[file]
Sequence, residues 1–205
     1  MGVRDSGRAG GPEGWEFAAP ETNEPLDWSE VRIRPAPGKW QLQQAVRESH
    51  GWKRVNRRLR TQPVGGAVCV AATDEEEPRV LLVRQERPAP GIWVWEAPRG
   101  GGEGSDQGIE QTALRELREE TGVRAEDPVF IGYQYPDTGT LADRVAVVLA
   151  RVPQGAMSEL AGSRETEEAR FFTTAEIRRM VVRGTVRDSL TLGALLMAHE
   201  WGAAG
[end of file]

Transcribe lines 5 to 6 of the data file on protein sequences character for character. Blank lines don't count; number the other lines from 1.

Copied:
   151  RVPQGAMSEL AGSRETEEAR FFTTAEIRRM VVRGTVRDSL TLGALLMAHE
   201  WGAAG